Europe > Germany > Hamburg

The Wasserschloss in the  Speicherstadt, Hamburg.
Map of Germany showing with the position of Hamburg marked.

Hamburg Travel Guide

With origins that go back to the Stone Age, Hamburg is better known for its maritime history. A strategic location on the Elbe River as well as its political independence is what has made Hamburg an important and prosperous trading centre for centuries. As is reflected in the official name, the Free and Hanseatic City of Hamburg. This maritime heritage is as important today for the city’s commerce as it is for tourism. In 2015 20th century offices and 19th century warehouses built on timber-pile foundations, the Kontorhausviertel and Speicherstadt respectively, were added to the UNESCO list of world heritage sites. Hamburg’s music and entertainment scene is as significant as the city’s maritime industry.

A Neolithic mug on display in the Hamburg Archaeology Museum.

Hamburg Archaeology Museum

Tankards known as 'Hansekannen' in the Hamburg History Museum.

Hamburg History Museum

One of many historic ships for visitors to see in Hamburg.

Historic Ships

Hamburg has over 30 Christmas markets each year.

30+ Christmas Markets

Interesting Things to Know About Hamburg Before You Visit

  • Wherever you are in Hamburg you are never far from water. Around 61 km² of the Hamburg area is water. With that much water there are going to be a few bridges. There is the Köhlbrandbrücke from the 1970s, which is 135 m high with a total length of 3,618 m. At only 50 m in length, an older and very photogenic bridge is Brooks Bridge built in 1887 in the Speicherstadt. In fact there are over 2,000 bridges. Estimates vary between 2,300 and 2,500. Whatever the actual number is, that is more bridges than in Venice, London and Amsterdam put together. Also, don’t miss the Pauli Elbe Tunnel, opened in 1911, it is free for pedestrians. But the car lifts still work today, taking vehicles down to the tunnel level, 24 m below the surface.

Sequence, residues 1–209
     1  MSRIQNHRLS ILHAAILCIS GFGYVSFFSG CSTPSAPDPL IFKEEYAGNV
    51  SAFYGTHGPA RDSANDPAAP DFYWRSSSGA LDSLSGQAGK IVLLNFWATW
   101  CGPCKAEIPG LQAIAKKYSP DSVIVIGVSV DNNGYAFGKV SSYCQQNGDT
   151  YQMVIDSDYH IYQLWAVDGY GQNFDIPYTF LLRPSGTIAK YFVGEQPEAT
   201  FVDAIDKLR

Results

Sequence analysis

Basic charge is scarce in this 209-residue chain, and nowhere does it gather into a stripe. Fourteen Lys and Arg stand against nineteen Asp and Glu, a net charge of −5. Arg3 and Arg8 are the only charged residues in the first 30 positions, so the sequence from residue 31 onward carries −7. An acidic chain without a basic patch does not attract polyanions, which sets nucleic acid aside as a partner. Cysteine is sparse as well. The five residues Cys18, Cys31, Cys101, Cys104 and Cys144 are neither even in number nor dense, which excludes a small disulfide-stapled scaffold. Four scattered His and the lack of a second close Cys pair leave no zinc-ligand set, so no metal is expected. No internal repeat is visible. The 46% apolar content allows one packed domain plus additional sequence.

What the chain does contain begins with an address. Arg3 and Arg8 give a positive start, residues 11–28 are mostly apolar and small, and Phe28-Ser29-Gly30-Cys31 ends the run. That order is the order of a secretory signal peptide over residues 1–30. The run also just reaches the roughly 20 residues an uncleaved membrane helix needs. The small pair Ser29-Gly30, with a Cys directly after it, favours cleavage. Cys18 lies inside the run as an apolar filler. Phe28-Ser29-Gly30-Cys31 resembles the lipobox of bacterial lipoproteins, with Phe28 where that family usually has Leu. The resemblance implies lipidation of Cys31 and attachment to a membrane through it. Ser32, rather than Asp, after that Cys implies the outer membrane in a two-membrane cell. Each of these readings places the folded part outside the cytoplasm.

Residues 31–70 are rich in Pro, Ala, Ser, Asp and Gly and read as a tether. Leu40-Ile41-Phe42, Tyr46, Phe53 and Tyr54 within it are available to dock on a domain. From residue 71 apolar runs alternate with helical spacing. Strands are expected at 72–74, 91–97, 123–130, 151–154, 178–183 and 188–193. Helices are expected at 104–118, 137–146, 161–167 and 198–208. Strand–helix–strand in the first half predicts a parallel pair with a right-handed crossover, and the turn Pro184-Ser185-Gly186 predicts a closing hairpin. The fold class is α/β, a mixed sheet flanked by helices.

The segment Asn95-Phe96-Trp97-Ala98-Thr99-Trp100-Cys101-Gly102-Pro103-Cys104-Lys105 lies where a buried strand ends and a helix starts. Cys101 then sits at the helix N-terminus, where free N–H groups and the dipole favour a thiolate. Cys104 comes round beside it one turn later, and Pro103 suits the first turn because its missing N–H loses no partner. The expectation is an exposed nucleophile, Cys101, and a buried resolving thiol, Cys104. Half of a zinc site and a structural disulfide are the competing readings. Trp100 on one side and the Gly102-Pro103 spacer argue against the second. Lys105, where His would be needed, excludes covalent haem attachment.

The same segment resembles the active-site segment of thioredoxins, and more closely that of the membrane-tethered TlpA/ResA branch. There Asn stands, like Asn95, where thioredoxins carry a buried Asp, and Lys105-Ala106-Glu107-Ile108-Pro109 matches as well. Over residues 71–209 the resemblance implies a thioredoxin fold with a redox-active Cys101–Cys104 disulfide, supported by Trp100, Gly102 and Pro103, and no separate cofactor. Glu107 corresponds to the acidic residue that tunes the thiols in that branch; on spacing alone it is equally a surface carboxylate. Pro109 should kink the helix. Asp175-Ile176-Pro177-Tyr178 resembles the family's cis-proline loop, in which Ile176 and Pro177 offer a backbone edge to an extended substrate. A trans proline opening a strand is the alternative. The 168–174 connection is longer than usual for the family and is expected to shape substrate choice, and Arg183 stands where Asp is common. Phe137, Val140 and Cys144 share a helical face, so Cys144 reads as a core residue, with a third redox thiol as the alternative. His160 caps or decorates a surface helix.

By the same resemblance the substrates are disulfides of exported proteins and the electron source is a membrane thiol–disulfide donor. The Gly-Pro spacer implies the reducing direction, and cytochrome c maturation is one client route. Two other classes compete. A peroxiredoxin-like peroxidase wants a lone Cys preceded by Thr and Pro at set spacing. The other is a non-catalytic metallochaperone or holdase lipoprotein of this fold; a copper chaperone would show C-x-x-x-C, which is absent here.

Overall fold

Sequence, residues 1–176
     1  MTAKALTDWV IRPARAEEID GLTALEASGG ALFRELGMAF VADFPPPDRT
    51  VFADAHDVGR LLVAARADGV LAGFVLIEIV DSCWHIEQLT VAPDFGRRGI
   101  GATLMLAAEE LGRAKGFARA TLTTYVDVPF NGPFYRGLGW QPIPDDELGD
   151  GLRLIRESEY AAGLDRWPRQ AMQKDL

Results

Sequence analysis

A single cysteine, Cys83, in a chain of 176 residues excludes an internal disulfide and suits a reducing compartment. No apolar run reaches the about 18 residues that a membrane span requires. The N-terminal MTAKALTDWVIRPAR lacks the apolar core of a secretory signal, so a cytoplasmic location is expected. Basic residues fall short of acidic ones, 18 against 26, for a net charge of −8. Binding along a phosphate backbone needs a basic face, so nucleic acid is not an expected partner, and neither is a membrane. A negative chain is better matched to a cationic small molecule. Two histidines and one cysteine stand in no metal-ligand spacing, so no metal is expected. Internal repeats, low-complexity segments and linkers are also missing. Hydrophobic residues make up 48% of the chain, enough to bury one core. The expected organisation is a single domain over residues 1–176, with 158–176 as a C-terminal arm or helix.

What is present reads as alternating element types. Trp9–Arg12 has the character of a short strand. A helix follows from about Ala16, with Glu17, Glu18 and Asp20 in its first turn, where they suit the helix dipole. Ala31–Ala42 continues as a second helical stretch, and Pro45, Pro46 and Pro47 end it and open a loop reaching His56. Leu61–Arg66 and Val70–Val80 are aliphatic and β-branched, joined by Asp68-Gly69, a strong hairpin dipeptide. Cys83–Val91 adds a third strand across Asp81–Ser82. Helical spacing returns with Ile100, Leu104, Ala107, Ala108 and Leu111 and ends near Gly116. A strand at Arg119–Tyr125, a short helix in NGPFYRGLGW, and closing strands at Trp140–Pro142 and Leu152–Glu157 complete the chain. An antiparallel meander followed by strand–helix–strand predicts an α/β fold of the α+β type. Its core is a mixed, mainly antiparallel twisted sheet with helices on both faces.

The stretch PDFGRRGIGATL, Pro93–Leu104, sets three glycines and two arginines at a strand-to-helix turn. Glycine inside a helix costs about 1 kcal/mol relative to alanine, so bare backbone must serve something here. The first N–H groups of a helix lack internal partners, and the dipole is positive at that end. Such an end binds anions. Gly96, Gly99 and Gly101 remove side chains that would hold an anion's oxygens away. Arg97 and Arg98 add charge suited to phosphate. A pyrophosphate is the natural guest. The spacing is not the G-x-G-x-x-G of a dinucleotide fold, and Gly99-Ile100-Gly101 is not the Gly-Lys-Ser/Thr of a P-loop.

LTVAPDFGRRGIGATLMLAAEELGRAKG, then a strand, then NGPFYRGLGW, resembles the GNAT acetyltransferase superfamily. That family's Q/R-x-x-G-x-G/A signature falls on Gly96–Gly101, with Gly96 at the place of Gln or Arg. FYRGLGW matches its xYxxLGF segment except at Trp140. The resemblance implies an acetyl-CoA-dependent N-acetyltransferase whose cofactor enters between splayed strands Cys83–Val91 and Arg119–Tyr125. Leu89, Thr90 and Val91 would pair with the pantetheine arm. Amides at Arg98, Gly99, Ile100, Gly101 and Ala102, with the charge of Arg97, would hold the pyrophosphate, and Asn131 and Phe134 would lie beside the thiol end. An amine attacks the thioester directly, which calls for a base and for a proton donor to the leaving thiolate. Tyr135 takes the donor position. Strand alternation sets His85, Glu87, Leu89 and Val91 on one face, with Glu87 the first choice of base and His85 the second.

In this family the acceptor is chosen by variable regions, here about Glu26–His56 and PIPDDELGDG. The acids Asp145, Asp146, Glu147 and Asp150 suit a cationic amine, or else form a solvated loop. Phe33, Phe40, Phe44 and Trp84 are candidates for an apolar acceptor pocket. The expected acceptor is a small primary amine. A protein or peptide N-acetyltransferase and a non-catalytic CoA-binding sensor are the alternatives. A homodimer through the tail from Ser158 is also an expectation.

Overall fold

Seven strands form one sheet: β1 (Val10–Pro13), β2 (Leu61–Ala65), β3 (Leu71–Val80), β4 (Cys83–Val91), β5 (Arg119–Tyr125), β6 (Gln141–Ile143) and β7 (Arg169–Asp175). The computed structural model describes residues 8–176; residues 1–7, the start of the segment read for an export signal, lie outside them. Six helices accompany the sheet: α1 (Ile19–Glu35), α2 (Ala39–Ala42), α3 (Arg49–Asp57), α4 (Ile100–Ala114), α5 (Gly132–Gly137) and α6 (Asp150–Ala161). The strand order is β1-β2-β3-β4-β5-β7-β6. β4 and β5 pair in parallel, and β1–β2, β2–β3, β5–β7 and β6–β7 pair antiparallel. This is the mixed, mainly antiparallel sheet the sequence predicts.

• Hamburg has two UNESCO World Heritage Sites, both added to the list in 2015. They are the Speicherstadt and the Kontorhausviertel. The Speicherstadt is a late 19th century warehouse district. What is unusual about these warehouses is that they are built with timber-pile foundations; made from oak. Using timber for pile foundations is not that uncommon, but the Speicherstadt has the largest number of such buildings in the world. The Kontorhausviertel is collection of large office buildings on the southeastern edge of the Altstadt. They were erected in the 1920s and are typical of what is known as Brick Expressionism common in Germany at that time.
  • The origins of the Hanseatic League arose out of two agreements between Hamburg and Lübeck signed in 1241. The first stated that both cities would defend their freedoms and privileges together. The second called for securing the road between the two cities against bandits, and that anyone expelled from the one would not be permitted to enter other city. In 1264 the main road between Hamburg and Lübeck was cobbled in Hamburg and called Steinstraße. It is the third known cobbled road in northern Europe, and there is still a street bearing that name in Hamburg.
  • Hamburg is known for its varied and vibrant music scene; in history as it is today. In 1678 the first civic opera house in Europe opened in Hamburg. Now the Striking Elbphilharmonie, on the Elbe River, is one of the largest concert halls in the world. And one of many, many music venues around the city. Well known German composers Joannes Brahms and Felix Mendelssohn were born in Hamburg. And although not born here Georg Philipp Telemann, arguably one of the most prolific composers, died in Hamburg. He was the musical director of the main churches from 1721. A few hundred years later, the Beatles launches their careers in Hamburg. Beatles Platz in the St. Pauli district was named, and decorated, in their honour. Today the city is well known for its Indie music scene. But there are many and varied musical festivals throughout the year.
  • Not surprisingly Hamburg was of great strategic importance in World War 2. And the Allied forces unleashed devastating bombing raids on the city, its shipyards, U-boat pens and oil refineries. Many tens of thousands of civilians were killed, while others fled. Much of the city was destroyed. Hamburg was home to a Neuengamme concentration camp. Prisoners from this camp were on board the SS Cap Arcona when in May 1945 the ship was bombed by the Royal Air Force near Neustadt in Holstein. Said by many to be the worst single maritime atrocity in World War II.

River Boat Cruises Via GetYourGuide

As the harbour is such a crucial part of Hamburg, today and in the past, our recommended way to start your stay here is with a cruise on the river that flows through the city, the Elbe. And there are a number on offer. From a standard two hour cruise during the day to an evening cruise to see the lights.